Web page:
By Dr. Tyeese Gaines
Dr. Tyeese Gaines, an emergency medicine physician and health editor for theGrio.com, answers your questions about everything from shingles to concussions. Got a question you'd like her to answer in an upcoming column? Send it to email@example.com.
Q: I am African-American and 52 years old. I have noticed my skin burning more than usual. Is this because of age, and what type of sunscreen should I look for?
- Cheryl B.
A: Yes, skin becomes thinner as we age. However, much of what we attribute to age, such as wrinkles and spots, are actually due to sun damage accumulated over the years. It's never too late to prevent additional damage or further thinning. The American Academy of Dermatology recommends selecting a sunscreen that protects against both UVA and UVB rays with an SPF of 30 or higher. It should be used every day, even on cloudy days. But, it's important to know that sunscreens with a high SPF may not always prevent sunburn.
Q: I keep hearing this ad that people who have chickenpox will end up with shingles. What's shingles? What does it look like?
Dr. Tyeese Gaines, an emergency medicine physician at Raritan Bay Medical Center in New Jersey and health editor for theGrio.com, answers your questions.
- Lori S.
A: Once a person gets over a bout of chickenpox, the virus remains dormant -- or "asleep" -- in certain nerves, sometimes for years. Shingles occurs when that "sleeping" virus awakens and creates a painful, chickenpox-like rash along that nerve. Shingles first looks like fluid-filled bumps in a cluster or a straight line, after which they will crust over and scab.
Without having had chickenpox or receiving the vaccine, you cannot develop shingles. The virus has to already exist in the body. For this reason, you cannot pass shingles from one person to another. But, someone who has never had chickenpox or the vaccine can contract chickenpox from someone with shingles.
Regarding that ad, not everyone who has had chickenpox will develop shingles. But, the reason why some people develop it and others do not is unknown. We do know that shingles is more likely in people older than 60 and those with weak immune systems. So, that population is urged to get the shingles vaccine.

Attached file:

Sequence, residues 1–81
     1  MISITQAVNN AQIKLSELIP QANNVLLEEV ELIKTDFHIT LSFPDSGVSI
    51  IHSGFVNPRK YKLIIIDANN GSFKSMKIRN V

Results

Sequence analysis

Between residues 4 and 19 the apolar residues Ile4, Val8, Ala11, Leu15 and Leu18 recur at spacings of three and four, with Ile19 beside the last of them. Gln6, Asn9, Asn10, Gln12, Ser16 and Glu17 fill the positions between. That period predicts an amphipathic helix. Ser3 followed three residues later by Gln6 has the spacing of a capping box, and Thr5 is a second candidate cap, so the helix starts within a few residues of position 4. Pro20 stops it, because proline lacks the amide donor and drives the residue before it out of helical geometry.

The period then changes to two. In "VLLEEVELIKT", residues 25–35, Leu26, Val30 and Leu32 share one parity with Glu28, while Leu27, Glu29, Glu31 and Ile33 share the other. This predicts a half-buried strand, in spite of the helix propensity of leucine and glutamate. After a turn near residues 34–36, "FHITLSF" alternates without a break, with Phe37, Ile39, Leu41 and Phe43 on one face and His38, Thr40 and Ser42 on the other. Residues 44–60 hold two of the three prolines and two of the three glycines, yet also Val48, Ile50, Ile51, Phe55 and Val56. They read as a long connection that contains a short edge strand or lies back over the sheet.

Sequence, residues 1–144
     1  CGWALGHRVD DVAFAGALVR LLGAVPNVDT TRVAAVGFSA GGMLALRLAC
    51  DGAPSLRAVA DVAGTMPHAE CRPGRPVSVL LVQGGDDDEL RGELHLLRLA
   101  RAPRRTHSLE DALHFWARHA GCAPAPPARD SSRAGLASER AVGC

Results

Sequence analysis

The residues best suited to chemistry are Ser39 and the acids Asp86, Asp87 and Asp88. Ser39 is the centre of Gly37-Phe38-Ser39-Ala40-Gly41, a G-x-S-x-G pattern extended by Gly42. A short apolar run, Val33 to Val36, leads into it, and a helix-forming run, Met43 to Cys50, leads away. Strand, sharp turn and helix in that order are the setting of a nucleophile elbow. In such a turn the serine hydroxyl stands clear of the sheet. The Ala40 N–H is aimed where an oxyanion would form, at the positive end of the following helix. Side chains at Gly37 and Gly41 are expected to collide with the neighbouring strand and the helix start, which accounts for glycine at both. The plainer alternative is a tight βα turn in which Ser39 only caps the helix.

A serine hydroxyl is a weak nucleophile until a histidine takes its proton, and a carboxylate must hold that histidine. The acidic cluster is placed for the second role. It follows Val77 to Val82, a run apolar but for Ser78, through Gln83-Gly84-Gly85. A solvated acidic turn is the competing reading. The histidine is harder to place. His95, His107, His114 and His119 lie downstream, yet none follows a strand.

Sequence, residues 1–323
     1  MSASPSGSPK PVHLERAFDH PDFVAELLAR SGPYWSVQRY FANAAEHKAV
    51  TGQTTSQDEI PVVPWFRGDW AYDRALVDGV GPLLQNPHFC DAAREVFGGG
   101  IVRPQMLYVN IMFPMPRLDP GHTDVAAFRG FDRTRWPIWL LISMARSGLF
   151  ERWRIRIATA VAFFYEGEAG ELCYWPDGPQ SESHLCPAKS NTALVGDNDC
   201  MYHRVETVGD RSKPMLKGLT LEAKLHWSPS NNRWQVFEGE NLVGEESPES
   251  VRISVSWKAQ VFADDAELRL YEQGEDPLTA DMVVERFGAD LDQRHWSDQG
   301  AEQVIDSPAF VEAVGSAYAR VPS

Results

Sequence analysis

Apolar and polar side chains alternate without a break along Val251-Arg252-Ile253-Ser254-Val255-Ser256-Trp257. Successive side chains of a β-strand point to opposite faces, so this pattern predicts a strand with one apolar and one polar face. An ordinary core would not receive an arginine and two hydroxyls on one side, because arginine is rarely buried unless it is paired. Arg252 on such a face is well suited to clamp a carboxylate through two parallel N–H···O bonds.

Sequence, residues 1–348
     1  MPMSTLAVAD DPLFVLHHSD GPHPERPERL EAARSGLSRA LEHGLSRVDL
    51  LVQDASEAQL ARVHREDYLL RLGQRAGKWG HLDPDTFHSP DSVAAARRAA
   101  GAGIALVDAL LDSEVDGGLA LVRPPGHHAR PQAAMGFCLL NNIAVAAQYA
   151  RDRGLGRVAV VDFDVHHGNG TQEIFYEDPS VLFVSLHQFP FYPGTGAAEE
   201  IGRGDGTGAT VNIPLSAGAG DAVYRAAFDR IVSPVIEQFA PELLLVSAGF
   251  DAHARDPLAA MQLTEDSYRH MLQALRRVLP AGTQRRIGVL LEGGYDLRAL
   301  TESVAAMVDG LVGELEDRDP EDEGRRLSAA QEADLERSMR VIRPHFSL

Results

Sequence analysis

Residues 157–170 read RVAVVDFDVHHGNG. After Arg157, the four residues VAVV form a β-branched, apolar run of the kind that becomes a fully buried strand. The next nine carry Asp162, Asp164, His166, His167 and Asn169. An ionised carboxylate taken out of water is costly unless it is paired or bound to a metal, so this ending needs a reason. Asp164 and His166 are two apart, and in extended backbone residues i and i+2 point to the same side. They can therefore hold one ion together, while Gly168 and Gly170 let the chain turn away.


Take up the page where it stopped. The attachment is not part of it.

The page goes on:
Q: My 13-year-old son recently suffered a concussion playing basketball but has been medically cleared to return to sports. Once a child experiences a concussion, are they more susceptible to getting another one? And, how do you know when a headache is just a headache or a concussion headache?
- Terri M.C.
A: Yes, once someone suffers a concussion they are three to four times more likely to develop another one.
Let's first discuss what a concussion is. A concussion is, simply put, when a person sustains either a head injury or a force that shakes the brain around and develops symptoms as a result. Those symptoms can include headaches, nausea or vomiting, feeling groggy, sleeping more than usual, vision changes or amnesia. A diagnosis of concussion is made from this clinical criteria. No test, X-ray or CAT scan can determine a concussion. Scans are primarily done to look for skull fractures, bleeding or bruising of the brain -- all of which are different than concussions, and potentially life-threatening.
In order to be cleared to return to sports after a concussion, consensus guidelines recommend that the person be symptom-free and can ease into full participation without return of symptoms. If symptoms do recur, the person should wait at least 24 hours before returning to the activity. Some experts suggest that continuing to exercise while still having concussion symptoms can prolong recovery time.
So, if your son has a headache shortly after his concussion, whether it's related or not, still use caution and consider having him sit on the sidelines and give the brain more time to heal.
Q: I have an intense itch most of the time under my right breast situated over my liver. My doctor gave me a fungal cream and it temporarily got rid of it, but it still comes and goes. Do you think it's anything more?
- Jane V.K.
A: It's feasible that what you're experiencing is a recurrent fungal infection. Thus, it makes sense that your itching went away with the cream. Fungi like warm, dark, moist places. So if the area under your breast remains warm, dark and moist then it will likely happen again. Some people have better luck with fungal powders instead of creams to keep the area dry. Athlete's foot, jock itch, ringworm and diaper rash are examples of other fungal infections found on the body.
Liver disease can sometimes cause itching, but usually the whole body itches -- not just over the right upper abdomen where the liver is.
Dr. Tyeese Gaines is a physician-journalist with over 10 years of print and broadcast experience, now serving as health editor for theGrio.com (NBC News). Dr. Ty is also a practicing emergency medicine physician in New Jersey. Follow her on twitter at @doctorty.
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The information included in this post is for educational purposes only. It is not intended nor implied to be a substitute for professional medical advice. The reader should always consult his or her healthcare provider with questions. Reading the information on this website does not create a physician-patient relationship.